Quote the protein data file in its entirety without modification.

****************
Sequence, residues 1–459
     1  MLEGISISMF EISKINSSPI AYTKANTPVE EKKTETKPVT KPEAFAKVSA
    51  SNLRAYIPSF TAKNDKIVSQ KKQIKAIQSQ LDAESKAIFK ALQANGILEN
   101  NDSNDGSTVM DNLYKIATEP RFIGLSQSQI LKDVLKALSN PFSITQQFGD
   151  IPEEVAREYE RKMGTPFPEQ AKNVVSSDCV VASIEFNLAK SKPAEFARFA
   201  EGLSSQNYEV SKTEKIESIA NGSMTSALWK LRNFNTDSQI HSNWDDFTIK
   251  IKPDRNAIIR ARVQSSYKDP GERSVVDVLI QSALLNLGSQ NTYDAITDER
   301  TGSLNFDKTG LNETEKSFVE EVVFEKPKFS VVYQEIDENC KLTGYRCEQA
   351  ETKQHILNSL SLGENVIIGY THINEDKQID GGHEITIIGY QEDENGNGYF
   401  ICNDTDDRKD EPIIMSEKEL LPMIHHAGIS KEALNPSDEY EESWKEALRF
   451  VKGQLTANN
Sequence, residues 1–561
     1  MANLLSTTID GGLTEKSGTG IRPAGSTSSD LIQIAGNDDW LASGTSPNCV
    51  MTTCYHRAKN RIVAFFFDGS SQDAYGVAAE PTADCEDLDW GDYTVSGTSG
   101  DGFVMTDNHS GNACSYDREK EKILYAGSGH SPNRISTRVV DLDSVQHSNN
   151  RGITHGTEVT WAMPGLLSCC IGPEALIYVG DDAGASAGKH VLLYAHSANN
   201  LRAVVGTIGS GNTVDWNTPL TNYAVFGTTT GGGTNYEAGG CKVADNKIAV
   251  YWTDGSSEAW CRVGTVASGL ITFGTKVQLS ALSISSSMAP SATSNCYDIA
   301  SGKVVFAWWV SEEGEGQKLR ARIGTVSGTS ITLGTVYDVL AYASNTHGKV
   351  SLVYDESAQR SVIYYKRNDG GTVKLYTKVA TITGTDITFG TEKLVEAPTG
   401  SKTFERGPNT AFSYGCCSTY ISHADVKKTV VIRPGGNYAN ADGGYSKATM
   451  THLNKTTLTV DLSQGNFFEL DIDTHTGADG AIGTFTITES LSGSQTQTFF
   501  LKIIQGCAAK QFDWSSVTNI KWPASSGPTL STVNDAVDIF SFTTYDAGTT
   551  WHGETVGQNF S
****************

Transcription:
Sequence, residues 1–459
     1  MLEGISISMF EISKINSSPI AYTKANTPVE EKKTETKPVT KPEAFAKVSA
    51  SNLRAYIPSF TAKNDKIVSQ KKQIKAIQSQ LDAESKAIFK ALQANGILEN
   101  NDSNDGSTVM DNLYKIATEP RFIGLSQSQI LKDVLKALSN PFSITQQFGD
   151  IPEEVAREYE RKMGTPFPEQ AKNVVSSDCV VASIEFNLAK SKPAEFARFA
   201  EGLSSQNYEV SKTEKIESIA NGSMTSALWK LRNFNTDSQI HSNWDDFTIK
   251  IKPDRNAIIR ARVQSSYKDP GERSVVDVLI QSALLNLGSQ NTYDAITDER
   301  TGSLNFDKTG LNETEKSFVE EVVFEKPKFS VVYQEIDENC KLTGYRCEQA
   351  ETKQHILNSL SLGENVIIGY THINEDKQID GGHEITIIGY QEDENGNGYF
   401  ICNDTDDRKD EPIIMSEKEL LPMIHHAGIS KEALNPSDEY EESWKEALRF
   451  VKGQLTANN
Sequence, residues 1–561
     1  MANLLSTTID GGLTEKSGTG IRPAGSTSSD LIQIAGNDDW LASGTSPNCV
    51  MTTCYHRAKN RIVAFFFDGS SQDAYGVAAE PTADCEDLDW GDYTVSGTSG
   101  DGFVMTDNHS GNACSYDREK EKILYAGSGH SPNRISTRVV DLDSVQHSNN
   151  RGITHGTEVT WAMPGLLSCC IGPEALIYVG DDAGASAGKH VLLYAHSANN
   201  LRAVVGTIGS GNTVDWNTPL TNYAVFGTTT GGGTNYEAGG CKVADNKIAV
   251  YWTDGSSEAW CRVGTVASGL ITFGTKVQLS ALSISSSMAP SATSNCYDIA
   301  SGKVVFAWWV SEEGEGQKLR ARIGTVSGTS ITLGTVYDVL AYASNTHGKV
   351  SLVYDESAQR SVIYYKRNDG GTVKLYTKVA TITGTDITFG TEKLVEAPTG
   401  SKTFERGPNT AFSYGCCSTY ISHADVKKTV VIRPGGNYAN ADGGYSKATM
   451  THLNKTTLTV DLSQGNFFEL DIDTHTGADG AIGTFTITES LSGSQTQTFF
   501  LKIIQGCAAK QFDWSSVTNI KWPASSGPTL STVNDAVDIF SFTTYDAGTT
   551  WHGETVGQNF S